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War Against the Mafia #1 de Don Pendleton
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War Against the Mafia #1 (original: 1988; edição: 1969)

de Don Pendleton (Autor)

MembrosResenhasPopularidadeAvaliação médiaMenções
254883,182 (3.42)3
The first book in the classic vigilante action series from a "writer who spawned a genre" (The New York Times).   Overseas, Mack Bolan was dubbed "Sgt. Mercy" for the compassion he showed the innocent. On the home front, they're calling him the Executioner for what he's doing to the guilty.   In the jungles of Southeast Asia, American sniper Mack Bolan honed his skills. After twelve years, with ninety-five confirmed hits, he returns home to Massachusetts. But it's not to reunite with his family, it's to bury them--victims in a mass murder/suicide. Even though Bolan's own father pulled the trigger, he knows the old man was no killer. He was driven to madness by Mafia thugs who have turned his idyllic hometown into a new kind of war zone.   Duty calls . . .   Introducing an action hero "who would make Jack Reacher think twice," this is the first book in the iconic series of vigilante justice that has become a publishing phenomenon (Empireonline.com). With more than two hundred million Executioner books sold since its debut, the series continues to stimulate. Gerry Conway, cocreator of Marvel Comics' The Punisher, credits the Executioner as "my inspiration . . . that's what gave me the idea for the lone, slightly psychotic avenger." The series is also now in development as a major motion picture. War Against the Mafia is the 1st book in the Executioner series, but you may enjoy reading the series in any order.… (mais)
Membro:Sigredep
Título:War Against the Mafia #1
Autores:Don Pendleton (Autor)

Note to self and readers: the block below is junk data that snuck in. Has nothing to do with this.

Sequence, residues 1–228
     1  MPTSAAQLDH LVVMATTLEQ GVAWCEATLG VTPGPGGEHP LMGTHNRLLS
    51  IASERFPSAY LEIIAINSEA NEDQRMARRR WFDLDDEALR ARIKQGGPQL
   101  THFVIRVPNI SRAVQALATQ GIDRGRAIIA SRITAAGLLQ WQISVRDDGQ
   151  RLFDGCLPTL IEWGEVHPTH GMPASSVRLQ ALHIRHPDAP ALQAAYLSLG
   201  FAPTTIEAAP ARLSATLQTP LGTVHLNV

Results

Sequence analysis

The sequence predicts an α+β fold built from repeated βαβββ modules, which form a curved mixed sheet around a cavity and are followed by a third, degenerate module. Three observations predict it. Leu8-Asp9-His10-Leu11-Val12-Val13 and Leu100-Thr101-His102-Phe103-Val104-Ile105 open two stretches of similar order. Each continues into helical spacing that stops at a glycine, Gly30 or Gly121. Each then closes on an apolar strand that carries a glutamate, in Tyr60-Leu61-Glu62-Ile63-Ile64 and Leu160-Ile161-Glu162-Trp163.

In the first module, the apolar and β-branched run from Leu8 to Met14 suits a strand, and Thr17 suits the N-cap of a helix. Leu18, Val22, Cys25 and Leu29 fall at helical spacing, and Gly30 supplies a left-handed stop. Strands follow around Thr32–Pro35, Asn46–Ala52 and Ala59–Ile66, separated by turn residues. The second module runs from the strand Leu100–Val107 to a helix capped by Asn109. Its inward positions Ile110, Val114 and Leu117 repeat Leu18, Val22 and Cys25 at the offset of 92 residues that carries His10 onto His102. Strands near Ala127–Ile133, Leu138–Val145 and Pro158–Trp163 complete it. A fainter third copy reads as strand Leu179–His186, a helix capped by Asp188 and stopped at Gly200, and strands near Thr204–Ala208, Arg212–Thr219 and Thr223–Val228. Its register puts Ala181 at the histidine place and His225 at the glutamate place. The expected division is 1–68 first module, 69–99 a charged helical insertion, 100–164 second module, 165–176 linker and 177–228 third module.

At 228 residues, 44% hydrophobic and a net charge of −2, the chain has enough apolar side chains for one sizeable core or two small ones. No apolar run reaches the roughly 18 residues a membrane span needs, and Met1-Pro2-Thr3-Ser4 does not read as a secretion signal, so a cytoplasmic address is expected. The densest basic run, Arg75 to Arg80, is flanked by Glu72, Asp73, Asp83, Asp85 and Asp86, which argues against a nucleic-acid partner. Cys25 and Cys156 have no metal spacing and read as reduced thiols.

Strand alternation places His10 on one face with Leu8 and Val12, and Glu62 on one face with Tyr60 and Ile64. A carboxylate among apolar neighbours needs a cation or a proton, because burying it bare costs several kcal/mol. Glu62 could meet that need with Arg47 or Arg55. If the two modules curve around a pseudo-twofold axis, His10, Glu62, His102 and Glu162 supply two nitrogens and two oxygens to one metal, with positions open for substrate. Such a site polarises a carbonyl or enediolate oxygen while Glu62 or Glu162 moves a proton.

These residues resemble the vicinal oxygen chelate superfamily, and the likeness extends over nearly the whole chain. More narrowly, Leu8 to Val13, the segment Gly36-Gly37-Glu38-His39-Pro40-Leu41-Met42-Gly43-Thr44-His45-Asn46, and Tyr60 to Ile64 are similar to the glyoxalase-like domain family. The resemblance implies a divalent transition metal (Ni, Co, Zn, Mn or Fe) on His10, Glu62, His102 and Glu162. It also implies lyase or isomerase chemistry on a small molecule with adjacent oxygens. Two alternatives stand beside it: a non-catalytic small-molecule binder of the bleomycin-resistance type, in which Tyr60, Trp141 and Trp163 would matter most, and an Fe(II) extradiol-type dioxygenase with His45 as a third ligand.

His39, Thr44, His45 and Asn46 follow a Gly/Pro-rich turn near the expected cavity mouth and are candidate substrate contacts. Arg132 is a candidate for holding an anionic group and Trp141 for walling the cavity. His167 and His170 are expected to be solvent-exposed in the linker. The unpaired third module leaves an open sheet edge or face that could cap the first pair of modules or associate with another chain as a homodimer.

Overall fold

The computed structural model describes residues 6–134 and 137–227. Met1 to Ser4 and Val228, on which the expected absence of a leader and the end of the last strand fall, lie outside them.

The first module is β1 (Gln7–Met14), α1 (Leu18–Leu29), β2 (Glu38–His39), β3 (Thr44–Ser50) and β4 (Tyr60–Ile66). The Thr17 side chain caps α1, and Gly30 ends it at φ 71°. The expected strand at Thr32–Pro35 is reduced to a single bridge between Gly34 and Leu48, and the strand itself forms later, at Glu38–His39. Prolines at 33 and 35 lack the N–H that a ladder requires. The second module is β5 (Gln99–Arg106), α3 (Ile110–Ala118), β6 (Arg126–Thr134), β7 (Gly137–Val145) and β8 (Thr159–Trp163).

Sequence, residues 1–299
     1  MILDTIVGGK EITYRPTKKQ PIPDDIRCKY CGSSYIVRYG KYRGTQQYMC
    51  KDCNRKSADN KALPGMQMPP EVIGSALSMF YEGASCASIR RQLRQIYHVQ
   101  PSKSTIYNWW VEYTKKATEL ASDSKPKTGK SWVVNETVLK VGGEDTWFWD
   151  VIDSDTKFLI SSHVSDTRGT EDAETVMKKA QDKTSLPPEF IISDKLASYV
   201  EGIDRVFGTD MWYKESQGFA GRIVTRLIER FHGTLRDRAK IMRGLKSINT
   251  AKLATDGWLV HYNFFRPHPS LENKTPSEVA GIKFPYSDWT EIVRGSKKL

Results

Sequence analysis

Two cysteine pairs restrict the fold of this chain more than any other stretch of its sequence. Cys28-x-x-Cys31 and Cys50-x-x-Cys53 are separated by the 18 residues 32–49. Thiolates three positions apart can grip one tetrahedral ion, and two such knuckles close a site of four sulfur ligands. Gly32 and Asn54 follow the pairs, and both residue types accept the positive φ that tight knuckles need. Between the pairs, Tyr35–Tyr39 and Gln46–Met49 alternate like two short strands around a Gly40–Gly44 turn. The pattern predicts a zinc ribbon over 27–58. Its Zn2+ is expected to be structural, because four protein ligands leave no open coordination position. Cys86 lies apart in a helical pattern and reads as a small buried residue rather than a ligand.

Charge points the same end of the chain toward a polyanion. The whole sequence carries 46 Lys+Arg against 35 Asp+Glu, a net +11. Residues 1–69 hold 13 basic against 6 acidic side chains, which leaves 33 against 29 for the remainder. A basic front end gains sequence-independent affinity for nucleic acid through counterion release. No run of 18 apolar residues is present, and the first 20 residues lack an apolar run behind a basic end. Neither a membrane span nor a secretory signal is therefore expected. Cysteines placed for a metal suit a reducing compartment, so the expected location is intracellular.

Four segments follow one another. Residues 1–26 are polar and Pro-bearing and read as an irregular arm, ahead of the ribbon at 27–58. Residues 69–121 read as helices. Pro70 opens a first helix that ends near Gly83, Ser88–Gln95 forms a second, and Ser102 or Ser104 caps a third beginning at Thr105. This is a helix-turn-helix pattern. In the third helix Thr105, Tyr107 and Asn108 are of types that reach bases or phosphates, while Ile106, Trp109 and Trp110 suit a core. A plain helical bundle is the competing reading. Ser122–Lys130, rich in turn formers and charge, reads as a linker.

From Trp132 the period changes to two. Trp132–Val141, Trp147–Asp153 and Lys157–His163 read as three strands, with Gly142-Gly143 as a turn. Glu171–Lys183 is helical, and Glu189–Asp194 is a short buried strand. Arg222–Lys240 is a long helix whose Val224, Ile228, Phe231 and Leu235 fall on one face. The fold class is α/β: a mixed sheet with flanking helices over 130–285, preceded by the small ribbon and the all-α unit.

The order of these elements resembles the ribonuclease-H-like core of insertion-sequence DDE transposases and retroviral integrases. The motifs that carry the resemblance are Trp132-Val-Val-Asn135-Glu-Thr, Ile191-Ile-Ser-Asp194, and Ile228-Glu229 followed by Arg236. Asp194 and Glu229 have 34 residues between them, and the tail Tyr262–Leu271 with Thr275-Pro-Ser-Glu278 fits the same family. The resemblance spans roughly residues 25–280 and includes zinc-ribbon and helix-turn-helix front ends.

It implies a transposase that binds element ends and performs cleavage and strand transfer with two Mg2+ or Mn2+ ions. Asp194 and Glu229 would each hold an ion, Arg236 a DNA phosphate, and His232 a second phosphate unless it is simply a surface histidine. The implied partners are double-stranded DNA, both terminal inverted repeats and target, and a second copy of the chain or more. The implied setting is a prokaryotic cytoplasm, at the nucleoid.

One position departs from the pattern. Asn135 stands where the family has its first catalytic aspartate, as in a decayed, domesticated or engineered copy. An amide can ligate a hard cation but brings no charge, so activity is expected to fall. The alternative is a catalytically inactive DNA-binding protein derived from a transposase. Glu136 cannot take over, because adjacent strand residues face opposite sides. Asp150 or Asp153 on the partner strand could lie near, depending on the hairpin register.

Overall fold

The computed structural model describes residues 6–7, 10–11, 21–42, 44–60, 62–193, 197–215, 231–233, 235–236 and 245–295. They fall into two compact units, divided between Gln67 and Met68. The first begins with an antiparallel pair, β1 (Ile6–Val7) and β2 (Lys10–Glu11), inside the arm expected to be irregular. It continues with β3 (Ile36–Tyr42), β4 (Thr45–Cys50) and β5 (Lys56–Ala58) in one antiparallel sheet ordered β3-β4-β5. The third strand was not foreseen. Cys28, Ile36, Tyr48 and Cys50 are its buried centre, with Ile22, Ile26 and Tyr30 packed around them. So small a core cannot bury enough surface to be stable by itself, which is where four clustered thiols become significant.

Informação:Pinnacle Books (1969), Edition: First Edition, 170 pages
Coleções:Sua biblioteca
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Etiquetas:Nenhum(a)

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War against the Mafia de Don Pendleton (1988)

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Mostrando 1-5 de 8 (seguinte | mostrar todas)
Re-read of an early favorite for my younger days. A little dated after many years but still a fun ride. ( )
  ConalO | Apr 23, 2018 |
The men's action novels of the sixties and seventies probably drew
their roots from the sudden explosions of action in Spillane's novels.
But the late sixties brought a number of action hero novels to the
forefront. Among the best of the bunch is Don Pendleton's Executioner
series. Mack comes back from Vietnam only to find a mafia loan shark
has destroyed his family and he is going back to war - against the
Mafia with sniper shots, mortars, knives, & grenades. It is a solidly
written action packed series and a pure blast to read. This was the first
of 38 novels in the series by Pendleton and countless others by ghost
writers using his name. ( )
  DaveWilde | Sep 22, 2017 |
If you go to war with the Mafia do you have to use Tommy Guns?

Mac Bolan is a one man army and he has the Mafia in his sights because reasons. And he gets the girl. I think that sums up the plot. Change Mafia for some other antagonist and you have the plot for the entire series of the long running young-men's action novels.

When I was young Indiana Jones was the prototype for action-adventure movies. They were amazing. It took a long time for them to be released on DVD, but when they finally did I grabbed them for a movie marathon. I was a little disappointed. They were cheesy. It was hard to tell if they were always cheesy or if they had aged badly because Indiana Jones was the prototype for a genre that had evolved and now looked lame in comparison. NB: don't take that as a diss on Indiana Jones.... except Kingdom of the Crystal Skull, which was terrible.

The Executioner is similar to Indiana Jones in that it was the prototype - well, one of many - for a genre that has evolved. It's hard to call this cookie cutter stuff since this was the prototype cutter. It is easy to see the appeal and how this influenced so many people, including my friend Matt Hilton (shameless plug). But so much time has passed since these were new. In that time a generation of authors, TV shows (watch Banshee), and movies have been influenced and created works. The genre has grown, matured, and taken on other elements, such that this feels kinda cheesy. Was it always cheesy? Maybe that was what made this series fun in the first place. ( )